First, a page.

70-Year-Old Flamingo Lays First Egg

Photo by KhairilAzharJunos/Shutterstock.com

At the ripe age of 70, a greater flamingo in English captivity laid her first egg.

Gertrude, one member of a 60-plus flamingo flamboyance at Pensthorpe Nature Preserve in Norfolk, England, achieved the life milestone last month. She is already quite old for a flamingo - the bird’s average life in the wild goes on for 20 to 30 years, though flamingos in captivity generally hover closer to 50 - and certainly quite old to be laying any egg, especially her first. But love was in the Norfolk air this past spring.

70-Year-Old Flamingo Lays First Egg

Every egg starts with a love story. This tale involves two lovers with generations apart.

In the spring, Gertrude shacked up with Gil, a 37-year-old male flamingo, This behavior that caught her handlers pleasantly by surprise, not for the age difference, but because it was outside the norm for the elderly flamingo.

“All throughout her life, she’s been fairly subdued and been at the back of the group,” Ben Marshall, the reserve’s managing director, told ITV News. “But suddenly, this year she found a newfound confidence and was flirting with all the guys!”

Gertrude started the season with a wide net, but as it wore on, her attention centered more and more onto Gil. 

“She and Gil were giving each other wing salutes, bowing to each other, and displaying some of the other 136 different courtship and mating dances that flamingos have,” Marshall said to Cathy Free of the Washington Post. “Gertrude normally sits in the back and has never shown an interest in pairing up during breeding season, but now she was really putting herself out there. It was lovely to see her natural instinct kick in with her ‘toy boy’ boyfriend.”

Naturally, Gertrude and Gil became the main melody of the reserve. Their relationship grew to be the talk of the town, and now their egg has elevated into international news.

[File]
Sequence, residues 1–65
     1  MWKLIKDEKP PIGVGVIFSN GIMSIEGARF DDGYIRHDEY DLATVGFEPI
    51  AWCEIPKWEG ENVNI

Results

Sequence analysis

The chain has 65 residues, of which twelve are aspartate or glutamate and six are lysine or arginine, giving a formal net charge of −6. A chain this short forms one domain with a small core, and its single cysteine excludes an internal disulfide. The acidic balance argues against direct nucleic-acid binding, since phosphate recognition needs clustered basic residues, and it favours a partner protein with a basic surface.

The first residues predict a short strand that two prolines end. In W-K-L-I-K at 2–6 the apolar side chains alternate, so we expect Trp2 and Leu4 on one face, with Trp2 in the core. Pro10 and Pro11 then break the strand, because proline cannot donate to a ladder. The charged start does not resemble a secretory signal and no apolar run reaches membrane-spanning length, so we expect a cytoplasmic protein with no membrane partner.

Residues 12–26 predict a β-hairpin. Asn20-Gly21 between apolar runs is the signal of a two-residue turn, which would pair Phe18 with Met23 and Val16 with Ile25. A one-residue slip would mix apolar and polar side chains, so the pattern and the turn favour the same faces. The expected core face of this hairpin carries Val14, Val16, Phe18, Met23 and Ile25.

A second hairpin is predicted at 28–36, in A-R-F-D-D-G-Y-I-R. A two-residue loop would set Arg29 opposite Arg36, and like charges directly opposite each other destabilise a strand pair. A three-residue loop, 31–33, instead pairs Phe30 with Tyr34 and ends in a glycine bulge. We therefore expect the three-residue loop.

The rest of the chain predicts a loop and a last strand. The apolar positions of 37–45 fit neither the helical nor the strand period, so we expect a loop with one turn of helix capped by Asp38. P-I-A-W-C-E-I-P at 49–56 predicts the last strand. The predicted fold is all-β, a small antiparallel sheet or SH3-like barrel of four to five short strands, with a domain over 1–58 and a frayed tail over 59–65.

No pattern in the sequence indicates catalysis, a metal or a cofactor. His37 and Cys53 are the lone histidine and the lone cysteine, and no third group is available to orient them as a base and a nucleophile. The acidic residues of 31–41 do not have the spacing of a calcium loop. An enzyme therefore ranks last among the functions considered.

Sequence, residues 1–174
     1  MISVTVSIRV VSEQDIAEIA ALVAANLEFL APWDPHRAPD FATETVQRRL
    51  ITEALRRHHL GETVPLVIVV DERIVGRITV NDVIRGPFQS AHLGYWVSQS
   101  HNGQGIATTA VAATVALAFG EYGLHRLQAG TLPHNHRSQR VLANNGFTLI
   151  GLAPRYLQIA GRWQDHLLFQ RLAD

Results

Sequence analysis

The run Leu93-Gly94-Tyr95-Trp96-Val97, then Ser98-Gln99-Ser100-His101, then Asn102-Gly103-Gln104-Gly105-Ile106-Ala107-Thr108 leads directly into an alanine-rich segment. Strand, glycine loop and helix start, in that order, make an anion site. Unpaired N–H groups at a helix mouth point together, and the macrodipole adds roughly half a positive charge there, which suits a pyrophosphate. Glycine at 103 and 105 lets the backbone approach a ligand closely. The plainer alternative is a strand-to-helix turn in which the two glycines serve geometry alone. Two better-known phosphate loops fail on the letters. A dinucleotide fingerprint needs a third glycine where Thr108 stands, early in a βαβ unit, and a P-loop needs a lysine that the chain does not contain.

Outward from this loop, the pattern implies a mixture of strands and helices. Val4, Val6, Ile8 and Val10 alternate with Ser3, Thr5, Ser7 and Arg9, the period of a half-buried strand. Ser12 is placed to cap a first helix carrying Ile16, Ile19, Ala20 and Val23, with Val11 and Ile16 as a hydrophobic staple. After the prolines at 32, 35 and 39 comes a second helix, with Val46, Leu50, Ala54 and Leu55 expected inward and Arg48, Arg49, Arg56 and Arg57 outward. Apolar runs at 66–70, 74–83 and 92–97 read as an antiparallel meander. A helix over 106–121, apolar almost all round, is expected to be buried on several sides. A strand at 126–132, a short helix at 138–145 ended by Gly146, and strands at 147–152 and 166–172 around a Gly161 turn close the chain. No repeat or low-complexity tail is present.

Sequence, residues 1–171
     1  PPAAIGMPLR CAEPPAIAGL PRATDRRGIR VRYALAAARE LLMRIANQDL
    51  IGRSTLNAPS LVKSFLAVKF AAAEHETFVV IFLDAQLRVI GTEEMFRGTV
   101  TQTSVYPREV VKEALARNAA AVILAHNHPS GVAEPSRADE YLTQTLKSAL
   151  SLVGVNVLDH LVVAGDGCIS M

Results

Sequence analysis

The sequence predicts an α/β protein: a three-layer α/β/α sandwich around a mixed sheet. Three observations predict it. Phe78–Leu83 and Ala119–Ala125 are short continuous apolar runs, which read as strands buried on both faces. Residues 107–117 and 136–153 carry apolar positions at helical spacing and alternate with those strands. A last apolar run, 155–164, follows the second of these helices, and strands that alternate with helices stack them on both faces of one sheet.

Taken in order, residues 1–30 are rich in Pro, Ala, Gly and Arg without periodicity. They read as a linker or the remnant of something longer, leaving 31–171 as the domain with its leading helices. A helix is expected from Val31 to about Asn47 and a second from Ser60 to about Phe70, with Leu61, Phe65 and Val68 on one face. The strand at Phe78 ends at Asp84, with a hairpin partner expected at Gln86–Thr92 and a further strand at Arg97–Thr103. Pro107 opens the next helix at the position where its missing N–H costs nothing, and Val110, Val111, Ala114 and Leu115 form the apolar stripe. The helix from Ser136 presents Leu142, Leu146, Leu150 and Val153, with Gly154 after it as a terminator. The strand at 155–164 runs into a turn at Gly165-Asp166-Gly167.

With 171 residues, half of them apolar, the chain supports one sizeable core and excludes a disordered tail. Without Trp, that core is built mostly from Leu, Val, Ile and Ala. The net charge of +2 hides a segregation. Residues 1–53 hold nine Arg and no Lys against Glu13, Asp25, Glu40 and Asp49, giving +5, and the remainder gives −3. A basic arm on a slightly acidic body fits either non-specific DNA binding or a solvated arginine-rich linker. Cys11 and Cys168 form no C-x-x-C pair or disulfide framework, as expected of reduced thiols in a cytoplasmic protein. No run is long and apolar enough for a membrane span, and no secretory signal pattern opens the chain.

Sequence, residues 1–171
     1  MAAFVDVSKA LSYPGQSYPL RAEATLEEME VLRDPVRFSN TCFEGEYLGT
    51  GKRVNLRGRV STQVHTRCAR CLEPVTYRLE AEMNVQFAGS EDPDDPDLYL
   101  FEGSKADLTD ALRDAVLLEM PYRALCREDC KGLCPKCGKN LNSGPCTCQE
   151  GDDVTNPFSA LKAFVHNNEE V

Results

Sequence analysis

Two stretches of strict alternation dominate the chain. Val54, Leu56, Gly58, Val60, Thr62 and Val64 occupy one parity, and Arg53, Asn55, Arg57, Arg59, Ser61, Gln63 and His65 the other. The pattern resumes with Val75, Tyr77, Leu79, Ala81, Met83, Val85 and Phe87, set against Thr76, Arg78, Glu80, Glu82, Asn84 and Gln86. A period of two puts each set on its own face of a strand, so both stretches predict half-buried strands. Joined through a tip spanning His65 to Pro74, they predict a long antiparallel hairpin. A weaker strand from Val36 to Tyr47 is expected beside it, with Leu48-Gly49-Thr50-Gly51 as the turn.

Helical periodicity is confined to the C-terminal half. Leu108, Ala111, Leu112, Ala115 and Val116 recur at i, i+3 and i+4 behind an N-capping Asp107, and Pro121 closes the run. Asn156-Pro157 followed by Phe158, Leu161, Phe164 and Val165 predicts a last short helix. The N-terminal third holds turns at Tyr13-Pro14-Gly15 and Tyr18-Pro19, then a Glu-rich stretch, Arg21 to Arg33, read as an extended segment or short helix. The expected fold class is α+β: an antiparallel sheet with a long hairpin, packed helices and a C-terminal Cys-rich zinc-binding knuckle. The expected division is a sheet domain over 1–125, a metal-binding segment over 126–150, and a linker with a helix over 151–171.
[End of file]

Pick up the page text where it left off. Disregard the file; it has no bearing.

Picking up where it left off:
Unfortunately, laying an egg is just part of the battle. It takes 27 to 31 days of constant care for a flamingo egg to hatch healthily, but after 10, Gertrude gave up on her offspring. Reserve officials assume it’s because the flamingo understood that her egg was not viable and therefore not worth continuing to nurture and protect. It’s also possible that it was simply too much work for the 70-year-old to handle.

Regardless, that isn’t dampening the mood among Marshall and his team at the reserve.

“Although it was a little sad for us, knowing the egg wouldn’t hatch, it was still a remarkable win for Gertrude,” Marshall told The Washington Post. “She made the call herself not to incubate the egg, and she was able to simulate those maternal instincts ingrained in flamingos and experience something completely new for her.”

Despite not having her own egg to look after any longer, Marshall told the Post that Gertrude continues to help other expecting mothers with their responsibilities. If nothing else, she enjoys providing them with some much-needed company.

Perhaps motherhood just wasn’t in the cards for Gertrude. But it is a remarkable accomplishment for her to have laid an egg at her age, let alone made it to 70 at all - the oldest-recorded flamingo, named Greater, passed away in 2014 at the age of 83. Gertrude still has more than a decade to go to catch her, but she has a chance, according to Marshall, who described the bird as “quite sprightly and healthy.” Maybe that’s her next major milestone to meet?

Has a 70-Year-Old Human Ever Given Birth?

If all this talk about a 70-year-old flamingo laying an egg got you wondering about if a human has ever matched that feat, then you weren’t the only one. For the sake of this exercise, I will ignore that laying an egg and birthing a human child are not the same things - there is only so much I am willing to look up.

The oldest known person to ever give birth was Mangayamma Yaramati on Sept. 5, 2019. The Indian woman introduced twin girls to the world at the age of 74, beating the previous record holder by about two years. I will voluntarily spare the intimate details of how this was achieved, but you can learn more on your own about it in this video.

Gertrude the flamingo wouldn’t even be the second-oldest woman to have ever given birth. Another Indian woman did so at age 72 in 2016, and two more Indian women had their children at age 70 in 2008, at best both ties for Gertrude. If the flamingo has aims of outdoing humans in this regard, she still has some work to do.